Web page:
Every time you repeat/extend a wireless signal, the bandwidth gets cut in half. So if you repeat/extend using two additional APs, you will now have 1/4 of the bandwidth you started with. Having 7 extenders will cut your bandwidth to 1/128th of the original speed. So, if you have a 100Mb link, you just cut it down to approximately 780Kb.
Iiinteresting. So just set a bunch of AP's up to the same SSID and the client should know how to roam between them?
 

belvdr

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Iiinteresting. So just set a bunch of AP's up to the same SSID and the client should know how to roam between them?
Correct. I've done this for 12 years or so, with some Linksys WRT54Gs then moved to 802.11n using two AEBS units.

The client will see one SSID and multiple APs but different MAC addresses. It will choose one and will roam to the other when it feels the need. For the additional AEBS units (i.e. the ones not connected to the Internet), just put them in bridged mode.
 

squeakr

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Apr 22, 2010
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Yes it is the MAC that really matters, as the SSID can be hidden for broadcast, yet connections still be made. I too used to run the same sort of configuration before changing routers.
 

BiggAW

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Correct. I've done this for 12 years or so, with some Linksys WRT54Gs then moved to 802.11n using two AEBS units.

The client will see one SSID and multiple APs but different MAC addresses. It will choose one and will roam to the other when it feels the need. For the additional AEBS units (i.e. the ones not connected to the Internet), just put them in bridged mode.
And with Airport Express, you can configure multiple units to have identical settings if they are all running off of an Ethernet backbone?
 

rwwest7

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Sep 24, 2011
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There's definitely some stuff going on at the back-end level, I know the campus systems are specifically set up for roaming to work correctly.
Sounds like a salesman sold you guys something by spitting out b.s. Like someone else already said, roaming decisions are purely client ones. Of course you need your network set up properly for it to seem transparent to the client, but those are decisions/settings that are hardware vendor neutral. Every wireless vendor has claims to fame but at the end of the day they all work pretty much the same.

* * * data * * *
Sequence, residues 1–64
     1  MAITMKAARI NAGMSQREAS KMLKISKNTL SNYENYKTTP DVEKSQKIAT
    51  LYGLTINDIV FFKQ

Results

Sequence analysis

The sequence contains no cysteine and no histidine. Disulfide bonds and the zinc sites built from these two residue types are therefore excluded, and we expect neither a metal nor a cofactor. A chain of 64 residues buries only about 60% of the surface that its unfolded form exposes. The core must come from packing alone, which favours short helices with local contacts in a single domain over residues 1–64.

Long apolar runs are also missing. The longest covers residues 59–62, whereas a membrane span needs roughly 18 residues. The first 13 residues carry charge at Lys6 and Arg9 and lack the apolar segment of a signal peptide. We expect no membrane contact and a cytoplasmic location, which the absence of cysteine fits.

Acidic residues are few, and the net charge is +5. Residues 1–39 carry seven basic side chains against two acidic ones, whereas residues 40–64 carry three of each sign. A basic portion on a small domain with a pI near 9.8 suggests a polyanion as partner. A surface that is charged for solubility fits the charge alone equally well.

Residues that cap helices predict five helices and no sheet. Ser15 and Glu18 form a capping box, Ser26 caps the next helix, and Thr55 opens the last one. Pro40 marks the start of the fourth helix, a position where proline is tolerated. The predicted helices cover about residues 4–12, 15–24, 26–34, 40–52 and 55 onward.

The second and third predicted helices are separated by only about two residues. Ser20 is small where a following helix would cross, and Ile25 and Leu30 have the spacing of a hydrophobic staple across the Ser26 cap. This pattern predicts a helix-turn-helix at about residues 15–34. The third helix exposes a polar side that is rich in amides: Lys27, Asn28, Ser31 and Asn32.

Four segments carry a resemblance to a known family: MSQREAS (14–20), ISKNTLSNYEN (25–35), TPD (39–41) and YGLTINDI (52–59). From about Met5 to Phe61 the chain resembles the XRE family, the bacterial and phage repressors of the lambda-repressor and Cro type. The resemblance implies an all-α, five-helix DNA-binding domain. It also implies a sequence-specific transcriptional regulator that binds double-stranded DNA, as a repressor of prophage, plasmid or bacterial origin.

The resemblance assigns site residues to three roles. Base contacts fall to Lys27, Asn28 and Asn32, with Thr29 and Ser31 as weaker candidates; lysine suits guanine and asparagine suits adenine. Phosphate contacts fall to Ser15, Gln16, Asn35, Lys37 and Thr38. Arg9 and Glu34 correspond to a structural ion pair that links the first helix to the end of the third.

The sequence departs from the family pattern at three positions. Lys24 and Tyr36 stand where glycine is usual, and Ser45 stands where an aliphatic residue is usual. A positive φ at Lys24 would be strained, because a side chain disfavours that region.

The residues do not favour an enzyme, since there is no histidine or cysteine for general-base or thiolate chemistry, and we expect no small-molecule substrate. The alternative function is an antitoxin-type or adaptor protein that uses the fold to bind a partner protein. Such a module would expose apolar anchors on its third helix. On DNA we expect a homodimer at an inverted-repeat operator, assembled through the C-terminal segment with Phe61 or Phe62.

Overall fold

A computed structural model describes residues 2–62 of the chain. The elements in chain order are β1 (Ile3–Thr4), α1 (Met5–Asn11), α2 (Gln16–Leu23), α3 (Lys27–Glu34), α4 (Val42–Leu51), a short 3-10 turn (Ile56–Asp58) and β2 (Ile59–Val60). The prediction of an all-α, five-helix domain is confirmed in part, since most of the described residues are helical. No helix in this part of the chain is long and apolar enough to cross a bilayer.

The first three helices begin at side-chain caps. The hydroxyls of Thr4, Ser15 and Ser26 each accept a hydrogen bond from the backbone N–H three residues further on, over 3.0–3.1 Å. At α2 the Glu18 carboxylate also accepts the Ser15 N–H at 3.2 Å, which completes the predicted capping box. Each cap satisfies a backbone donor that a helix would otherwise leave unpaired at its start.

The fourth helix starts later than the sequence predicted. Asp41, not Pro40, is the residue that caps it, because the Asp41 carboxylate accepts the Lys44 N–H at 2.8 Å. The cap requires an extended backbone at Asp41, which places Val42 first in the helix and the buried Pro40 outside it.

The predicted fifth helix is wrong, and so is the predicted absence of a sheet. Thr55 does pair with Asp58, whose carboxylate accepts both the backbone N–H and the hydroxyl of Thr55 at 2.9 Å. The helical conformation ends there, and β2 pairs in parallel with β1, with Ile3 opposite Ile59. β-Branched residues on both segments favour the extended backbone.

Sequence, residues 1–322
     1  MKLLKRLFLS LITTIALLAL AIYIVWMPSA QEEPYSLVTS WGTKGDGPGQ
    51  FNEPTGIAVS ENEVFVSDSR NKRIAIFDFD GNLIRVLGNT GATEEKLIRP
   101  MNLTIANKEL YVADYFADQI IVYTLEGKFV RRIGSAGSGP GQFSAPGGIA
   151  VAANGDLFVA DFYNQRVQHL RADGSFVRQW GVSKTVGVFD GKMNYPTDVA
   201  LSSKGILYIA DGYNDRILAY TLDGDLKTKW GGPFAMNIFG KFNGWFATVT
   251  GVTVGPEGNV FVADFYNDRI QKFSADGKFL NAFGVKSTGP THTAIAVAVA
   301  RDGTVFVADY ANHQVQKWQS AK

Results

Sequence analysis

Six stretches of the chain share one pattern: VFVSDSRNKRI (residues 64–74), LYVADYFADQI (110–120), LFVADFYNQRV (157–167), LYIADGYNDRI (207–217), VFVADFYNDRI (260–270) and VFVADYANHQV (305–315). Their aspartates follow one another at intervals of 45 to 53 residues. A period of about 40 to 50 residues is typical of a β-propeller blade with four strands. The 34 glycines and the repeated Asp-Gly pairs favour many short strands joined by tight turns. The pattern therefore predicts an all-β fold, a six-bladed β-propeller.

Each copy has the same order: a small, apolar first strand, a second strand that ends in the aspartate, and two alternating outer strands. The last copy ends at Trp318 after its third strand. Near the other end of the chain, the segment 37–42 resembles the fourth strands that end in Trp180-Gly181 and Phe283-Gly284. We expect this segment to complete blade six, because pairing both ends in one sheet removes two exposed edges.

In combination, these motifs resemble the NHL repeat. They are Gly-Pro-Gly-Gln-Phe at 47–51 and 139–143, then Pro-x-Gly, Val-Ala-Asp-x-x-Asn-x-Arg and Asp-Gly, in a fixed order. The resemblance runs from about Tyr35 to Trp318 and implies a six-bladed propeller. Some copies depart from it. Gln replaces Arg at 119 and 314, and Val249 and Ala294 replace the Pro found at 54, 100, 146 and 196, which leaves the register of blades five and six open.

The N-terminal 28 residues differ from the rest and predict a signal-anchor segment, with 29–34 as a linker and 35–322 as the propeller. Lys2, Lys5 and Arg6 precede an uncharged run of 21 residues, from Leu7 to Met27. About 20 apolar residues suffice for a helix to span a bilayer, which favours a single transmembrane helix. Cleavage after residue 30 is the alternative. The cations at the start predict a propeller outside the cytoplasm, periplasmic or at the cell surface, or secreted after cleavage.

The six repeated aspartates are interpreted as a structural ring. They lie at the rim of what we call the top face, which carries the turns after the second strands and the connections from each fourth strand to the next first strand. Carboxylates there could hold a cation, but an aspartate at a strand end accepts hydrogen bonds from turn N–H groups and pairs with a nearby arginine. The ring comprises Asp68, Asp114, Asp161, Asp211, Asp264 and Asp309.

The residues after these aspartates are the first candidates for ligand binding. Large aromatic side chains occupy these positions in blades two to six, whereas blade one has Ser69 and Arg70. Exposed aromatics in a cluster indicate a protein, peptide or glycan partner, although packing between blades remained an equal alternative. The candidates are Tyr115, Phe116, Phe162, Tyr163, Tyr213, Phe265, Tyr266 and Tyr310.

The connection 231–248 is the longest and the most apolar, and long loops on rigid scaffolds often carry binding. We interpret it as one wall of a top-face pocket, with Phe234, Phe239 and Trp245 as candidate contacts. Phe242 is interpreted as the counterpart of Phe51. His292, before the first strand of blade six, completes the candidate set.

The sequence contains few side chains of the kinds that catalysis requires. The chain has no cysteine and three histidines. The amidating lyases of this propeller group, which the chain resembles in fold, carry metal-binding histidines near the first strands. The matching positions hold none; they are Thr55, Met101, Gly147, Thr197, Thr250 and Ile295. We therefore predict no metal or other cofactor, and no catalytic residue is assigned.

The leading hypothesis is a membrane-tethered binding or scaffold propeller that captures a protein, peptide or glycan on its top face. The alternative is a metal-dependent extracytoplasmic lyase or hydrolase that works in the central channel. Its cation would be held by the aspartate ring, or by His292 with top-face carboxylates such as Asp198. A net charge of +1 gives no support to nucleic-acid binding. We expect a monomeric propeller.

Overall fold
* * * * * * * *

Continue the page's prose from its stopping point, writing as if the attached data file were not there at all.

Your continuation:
BiggAW

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Sounds like a salesman sold you guys something by spitting out b.s. Like someone else already said, roaming decisions are purely client ones. Of course you need your network set up properly for it to seem transparent to the client, but those are decisions/settings that are hardware vendor neutral. Every wireless vendor has claims to fame but at the end of the day they all work pretty much the same.
I got that from the IT guys who actually run it. Based on the comments above, it sounds like the back-end stuff has to do with IP management and AP management, not as to which AP a computer will connect to at any given point on the network. The network consists of something on the order of 3,000 Cisco Aironet AP's stretching well over a mile square in total, and providing IP connectivity to tens of thousands of devices on any given day. They are also ridiculously fast, the new N ones Speedtest in the 70's sometimes, and regularly in the 40-50 range.
 

NogbadTheBad

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They've probably got a bunch of Cisco Wireless Controllers and the Wireless Network Management software, the big advantage of using Wireless Controllers would be a single change would be rolled out with one click of a button.

I've only used the Motorola/Symbol Wireless controllers but if the Cisco ones work the same way they're they only way to go with a large wireless installation.

http://www.cisco.com/en/US/products/hw/wireless/products.html
 

belvdr

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They've probably got a bunch of Cisco Wireless Controllers and the Wireless Network Management software, the big advantage of using Wireless Controllers would be a single change would be rolled out with one click of a button.

I've only used the Motorola/Symbol Wireless controllers but if the Cisco ones work the same way they're they only way to go with a large wireless installation.

http://www.cisco.com/en/US/products/hw/wireless/products.html
For one site with a thousand APs, you'll only need 2 or 3 Cisco 5508s to support it. The additional benefit of the controllers is they automatically adjust power to provide proper coverage. Additionally, you can setup guest wireless access through the same APs without providing internal LAN access. One other feature is the ability to upgrade the software on many APs at once.
 

BiggAW

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For one site with a thousand APs, you'll only need 2 or 3 Cisco 5508s to support it. The additional benefit of the controllers is they automatically adjust power to provide proper coverage. Additionally, you can setup guest wireless access through the same APs without providing internal LAN access. One other feature is the ability to upgrade the software on many APs at once.
Yeah, we have two VLANs, one is a web-based login that will support anything with a browser and it's on it's own segregated network, the other is WPA2-RADIUS, that gives full access at full speed to the same network as plugging in.